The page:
Well, voilá!

 I must say that I quite like the finished result (although the construction of the hat itself was a bit too medieval if not pre historic)!
The panache (plume) looks somewhat exotic, easily takes me to those days after the Portuguese discoveries and all was so full of excitment, exotism, splendour, colour ... !

After such adventure I'd really love to hear from you! Please comment, like, share and/or subscribe if you like my works. :)

 Thanks for visiting!

terça-feira, 2 de agosto de 2016

Do you like cakes? Paper mache "pastel de nata"

Hi everyone!

If you ever been in Portugal or Lisbon for sure you know what "pastel de nata" or "pastel de belem" are, right?

If not, allow me to take you on a small history voyage:
In 1820s there was a revolution between liberals and non liberals, liberals won and one of the measure was to abolish religion not only from the state but also from public life. Under that law all the convents and monasteries were closed. In order to survive many monks and nuns sold their ancient recipes of all their famous pasteries.
That was exactly what happend to the hieronymite monks who lived in the now called "Mosteiro dos Jerónimos"  near the Tagus river in Belém, Lisbon. They started to sell these egg tart pasteries in order to survive until they ended up by selling the recipe to a nearby sugar refinery which ended by opening the shop where one can buy them still today!

There are "pastel de belem" but there are also "pastel de nata". Some people think they are both the same but they taste different, the secret within the recipe of the first ones no one knows, but... I honestly prefer pastel de nata (these are sold almost everywhere, even in China!).

As I wasnt sure of the result I didnt took photos of the process but it was extremely simple. Just filled those tin cake "things" with strips of newspaper and glue, added toilet paper roll to make the pastry's edge and for the egg cream I filled it again with toilet paper and glue. For the final touch I covered all with liquid cold porcelain, played around with some pale acrylic browns and yellows and gave a thin coat of varnish on the cream to give some realism to it. Voilá!


Curiously enough when we went out for breakfast today and I took this latest oeuvre to be shown to the patisserie owners (Patisserie/restaurant MOURISCA in S. Pedro de Sintra (by the way)) they liked it so much that asked me some to decorate their front window! Cool!!!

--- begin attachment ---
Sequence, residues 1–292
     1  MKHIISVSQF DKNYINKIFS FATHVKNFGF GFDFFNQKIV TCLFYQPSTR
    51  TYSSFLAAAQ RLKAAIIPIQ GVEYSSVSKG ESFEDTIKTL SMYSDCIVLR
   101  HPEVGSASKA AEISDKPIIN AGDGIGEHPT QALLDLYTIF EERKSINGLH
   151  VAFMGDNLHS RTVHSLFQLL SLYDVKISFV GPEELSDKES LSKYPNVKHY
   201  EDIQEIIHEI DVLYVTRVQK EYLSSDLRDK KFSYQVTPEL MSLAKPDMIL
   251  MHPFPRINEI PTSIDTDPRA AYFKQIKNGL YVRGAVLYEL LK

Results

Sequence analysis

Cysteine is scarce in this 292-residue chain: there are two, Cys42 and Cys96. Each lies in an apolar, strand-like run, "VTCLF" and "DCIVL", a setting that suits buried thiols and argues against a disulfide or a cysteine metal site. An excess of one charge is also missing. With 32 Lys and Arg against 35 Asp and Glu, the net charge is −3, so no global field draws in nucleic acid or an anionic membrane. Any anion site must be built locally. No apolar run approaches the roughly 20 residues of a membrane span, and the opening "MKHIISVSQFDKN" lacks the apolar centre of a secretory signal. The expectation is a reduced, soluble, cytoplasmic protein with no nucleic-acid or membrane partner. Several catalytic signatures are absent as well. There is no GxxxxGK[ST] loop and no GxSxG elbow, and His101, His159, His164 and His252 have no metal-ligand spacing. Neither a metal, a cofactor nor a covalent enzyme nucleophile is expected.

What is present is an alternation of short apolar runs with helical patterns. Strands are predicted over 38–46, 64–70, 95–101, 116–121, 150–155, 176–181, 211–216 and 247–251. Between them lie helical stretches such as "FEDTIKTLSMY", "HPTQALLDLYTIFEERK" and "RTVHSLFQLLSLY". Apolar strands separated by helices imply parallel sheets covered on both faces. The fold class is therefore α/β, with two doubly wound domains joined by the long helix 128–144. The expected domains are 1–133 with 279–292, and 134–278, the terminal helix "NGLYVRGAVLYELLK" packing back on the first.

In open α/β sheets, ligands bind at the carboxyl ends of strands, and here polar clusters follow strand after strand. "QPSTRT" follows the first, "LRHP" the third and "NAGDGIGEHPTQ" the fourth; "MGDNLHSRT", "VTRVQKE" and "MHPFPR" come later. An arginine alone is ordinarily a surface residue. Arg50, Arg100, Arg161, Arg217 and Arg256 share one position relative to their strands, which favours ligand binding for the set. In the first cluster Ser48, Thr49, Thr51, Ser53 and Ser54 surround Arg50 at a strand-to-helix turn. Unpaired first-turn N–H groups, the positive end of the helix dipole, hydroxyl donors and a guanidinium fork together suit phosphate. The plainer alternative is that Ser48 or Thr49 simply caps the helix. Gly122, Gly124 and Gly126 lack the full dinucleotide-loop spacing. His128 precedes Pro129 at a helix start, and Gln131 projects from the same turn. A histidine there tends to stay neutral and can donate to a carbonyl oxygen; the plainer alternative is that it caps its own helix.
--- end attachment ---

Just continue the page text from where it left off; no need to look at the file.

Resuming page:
In the meantime I've aploaded the "pastel de nata" to artfinder priced 20€, but if you also have a patisserie that you'd like to decorate (with either these or others cakes), or just like cakes, you can buy directly from me if you prefer, just tell how many and wich size you'd like (this one is around 6cm x 3cm)!

Thanks for visiting!

segunda-feira, 1 de agosto de 2016

Paper mache, casts and expandable foam

Hi everyone!

Some days (weeks?) was thinking upon making a bust of myself in order to use as manequin for some things I'd like to try and thought first to make it with plaster gauze strips and then fill it also with the same material plus some layers of paper and more plaster gauze strips hoping that would become stronger.
With time I just remembered that had thought, many many months ago, about some material that I could use as filling, something not that fragile and light at the same time. Used to see my father working on house restorings thought about expandable foam! Wow, such a nice material! and extremely cheap!!!
After a few searchings online expandable foam and I became best friends!

This post isnt about the bust (not yet) but about some casts I started to make from the fruits I've been building up until now (like the apple for example).

Building the fruits, like I wrote before, is extremely interesting because one end up by really having to look at them in order to understand their shapes. Time wise can be consuming and plus I live in a rather humid environment. But the idea would be to be able to construct as many different fruits as possible in order to to make foam cast in order to easily reproduce them as much as possible.

Today we went into what we call "chinese shop" which basically its like a 1£ shop and they have almost anything, all "made in china", all rather cheap (okay, for local economy is shitty but for locals without much much money is ideal (thus their empire here (dont know if other countries in europe have the same))) and to my surprise (or shock) found some plastic fruits that could easily substitute all the work I've been doing, constructing the fruit in paper clay, then covering the halves with plaster gauze strips, filling them with expandable foam and then glue both and finally sand the foam until the shape I want.
Got mixed feelings ... Sad because with 1 euro I could have the fruits I needed for my projects and thus not needing to spend much money on material and "wasting" time until mine are not dried, but also relieved for the same reason! Eitherway, and having started a lemon during the morning, I decided to buy some to complement the ones I have already and maybe, just maybe, I'll end up by doing a foam cast from the plastic fruits.

From left to right: the apple I made, behind a still paper mache clay strawberry, up front a foam cast of an egg with a foam cherry behind, the foam cast of "my" apple and finally the plastic fruits. 

Thanks for visiting!